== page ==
comprehensive description of how these scams work and
the dangers involved please visit http://www.met.police.uk/fraudalert/
Fraud - Reporting Internet Scams
Fraud Prevention, Information and News about Fraud Online
OzRipOff - A list of ripoffs and scams in Australia and New
This site has an
excellent coverage of the latest telephone and email scams. This includes
the phone numbers and bank names used by scammers
should take care with these suspected scams. There could be some danger in prying further
into the authors of these schemes. There is always the danger to your bank account should
you "take the bait." Read one reader's notes of his experience with scams out of Africa.
Here is a new
suspected email scam format and recent scams new to 2003.
What can you do about these scams? Site visitor, M O'Connor suggests
reporting them to the email provider. They can look up the history of the user and cancel
the account and others that person may have. It's a great way to get back at these people!
Some contact addresses are firstname.lastname@example.org,
Finally some successful action against these scammers. Full news
Browse our collection of more recent
suspected email scams.
This suspected email scam comes from a Legal Advisor in Lagos, and asks for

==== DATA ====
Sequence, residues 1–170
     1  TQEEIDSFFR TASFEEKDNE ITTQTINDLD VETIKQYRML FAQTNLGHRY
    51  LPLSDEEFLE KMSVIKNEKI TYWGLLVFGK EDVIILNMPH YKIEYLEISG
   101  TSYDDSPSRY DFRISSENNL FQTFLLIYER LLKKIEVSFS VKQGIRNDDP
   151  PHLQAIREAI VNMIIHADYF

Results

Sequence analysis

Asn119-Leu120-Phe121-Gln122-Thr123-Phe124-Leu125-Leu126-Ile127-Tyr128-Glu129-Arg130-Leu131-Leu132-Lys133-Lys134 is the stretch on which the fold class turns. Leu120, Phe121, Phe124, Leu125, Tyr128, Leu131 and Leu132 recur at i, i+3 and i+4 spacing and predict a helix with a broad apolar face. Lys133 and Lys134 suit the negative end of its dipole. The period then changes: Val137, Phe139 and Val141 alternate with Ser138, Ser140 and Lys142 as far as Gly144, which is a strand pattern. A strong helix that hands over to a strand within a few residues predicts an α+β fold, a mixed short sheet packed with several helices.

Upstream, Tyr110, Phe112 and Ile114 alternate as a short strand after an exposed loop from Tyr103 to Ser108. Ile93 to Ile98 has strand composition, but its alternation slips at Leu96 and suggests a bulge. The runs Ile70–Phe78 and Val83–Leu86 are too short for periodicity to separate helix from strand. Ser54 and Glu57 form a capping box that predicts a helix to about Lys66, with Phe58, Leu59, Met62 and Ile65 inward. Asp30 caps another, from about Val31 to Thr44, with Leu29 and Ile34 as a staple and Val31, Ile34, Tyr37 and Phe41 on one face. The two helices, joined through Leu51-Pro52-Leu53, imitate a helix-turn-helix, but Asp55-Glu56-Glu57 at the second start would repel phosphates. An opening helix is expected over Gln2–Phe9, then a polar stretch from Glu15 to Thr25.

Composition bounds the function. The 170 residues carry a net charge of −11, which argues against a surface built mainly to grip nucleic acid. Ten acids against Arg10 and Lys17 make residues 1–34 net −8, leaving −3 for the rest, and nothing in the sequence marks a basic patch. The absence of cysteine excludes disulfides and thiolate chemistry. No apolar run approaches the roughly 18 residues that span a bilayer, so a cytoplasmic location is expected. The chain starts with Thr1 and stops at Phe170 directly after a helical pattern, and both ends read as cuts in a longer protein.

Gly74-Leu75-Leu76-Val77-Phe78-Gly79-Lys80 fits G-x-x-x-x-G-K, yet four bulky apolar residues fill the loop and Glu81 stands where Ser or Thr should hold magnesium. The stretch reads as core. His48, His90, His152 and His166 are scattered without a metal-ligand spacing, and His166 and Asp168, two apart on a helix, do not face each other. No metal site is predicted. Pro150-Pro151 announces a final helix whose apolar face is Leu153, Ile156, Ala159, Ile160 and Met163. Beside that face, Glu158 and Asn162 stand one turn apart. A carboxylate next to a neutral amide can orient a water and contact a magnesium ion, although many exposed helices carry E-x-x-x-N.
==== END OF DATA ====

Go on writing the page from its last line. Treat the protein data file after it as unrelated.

asssitance to transfer 18.5 million. Read a copy of the letter.
ASIC advises that you should hang up on calls from International Asset Management,
Level 24, Bangkok City Tower, 79 Southorn Road, Khwaeng Thungahamek, Khet Sathorn Bangkok,
10120, Thailand and Level 23, CP Tower, Silom Road, Silom Bangkok, 10500 Thailand. Full
details of over fifty other suspect companies are on the ASIC website.
This suspected email scam from Ghana promises gold and
banknotes in return for your bank account details.
This one is sourced from Ghana and promises to
'clean' banknotes if only you will pay for the expensive chemicals required to remove security
coding from them.
Suspected Nigerian Email
Scam - We believe this is another
variation on the standard Nigerian 'Lend us your bank account details...' letter. The
difference is that this one comes by email.
This updated US site, fraud
bureau, is an excellent source dealing with financial scams based on the
internet. What is new in Australia is probably old hat in the US, so it's worth checking
for details in their extensive data base.
The most infamous of these is the Nigerian "We need your bank account
details" letter. Browse a copy, along with identification
notes and suggested action.
Consider this guide to detecting and learning about Internet scams. This includes suggestions for
recognising and avoiding these scams.